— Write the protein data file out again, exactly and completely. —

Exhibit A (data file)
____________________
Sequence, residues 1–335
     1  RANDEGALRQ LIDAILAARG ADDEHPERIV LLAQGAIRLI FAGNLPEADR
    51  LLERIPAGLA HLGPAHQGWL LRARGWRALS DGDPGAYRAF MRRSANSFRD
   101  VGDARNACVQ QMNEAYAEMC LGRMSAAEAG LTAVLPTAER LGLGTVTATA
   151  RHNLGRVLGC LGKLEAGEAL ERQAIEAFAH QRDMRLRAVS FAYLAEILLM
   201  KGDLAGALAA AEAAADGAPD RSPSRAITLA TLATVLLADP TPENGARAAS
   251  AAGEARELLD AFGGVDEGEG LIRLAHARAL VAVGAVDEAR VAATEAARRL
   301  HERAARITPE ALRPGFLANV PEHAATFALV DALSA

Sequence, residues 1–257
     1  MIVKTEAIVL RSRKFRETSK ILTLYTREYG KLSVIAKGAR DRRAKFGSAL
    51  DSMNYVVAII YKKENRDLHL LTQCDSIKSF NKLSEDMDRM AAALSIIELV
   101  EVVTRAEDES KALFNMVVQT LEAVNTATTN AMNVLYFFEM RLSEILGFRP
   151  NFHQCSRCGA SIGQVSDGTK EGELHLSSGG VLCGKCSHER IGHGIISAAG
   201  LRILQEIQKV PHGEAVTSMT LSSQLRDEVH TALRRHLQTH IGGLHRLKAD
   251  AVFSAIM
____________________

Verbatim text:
Sequence, residues 1–335
     1  RANDEGALRQ LIDAILAARG ADDEHPERIV LLAQGAIRLI FAGNLPEADR
    51  LLERIPAGLA HLGPAHQGWL LRARGWRALS DGDPGAYRAF MRRSANSFRD
   101  VGDARNACVQ QMNEAYAEMC LGRMSAAEAG LTAVLPTAER LGLGTVTATA
   151  RHNLGRVLGC LGKLEAGEAL ERQAIEAFAH QRDMRLRAVS FAYLAEILLM
   201  KGDLAGALAA AEAAADGAPD RSPSRAITLA TLATVLLADP TPENGARAAS
   251  AAGEARELLD AFGGVDEGEG LIRLAHARAL VAVGAVDEAR VAATEAARRL
   301  HERAARITPE ALRPGFLANV PEHAATFALV DALSA

Sequence, residues 1–257
     1  MIVKTEAIVL RSRKFRETSK ILTLYTREYG KLSVIAKGAR DRRAKFGSAL
    51  DSMNYVVAII YKKENRDLHL LTQCDSIKSF NKLSEDMDRM AAALSIIELV
   101  EVVTRAEDES KALFNMVVQT LEAVNTATTN AMNVLYFFEM RLSEILGFRP
   151  NFHQCSRCGA SIGQVSDGTK EGELHLSSGG VLCGKCSHER IGHGIISAAG
   201  LRILQEIQKV PHGEAVTSMT LSSQLRDEVH TALRRHLQTH IGGLHRLKAD
   251  AVFSAIM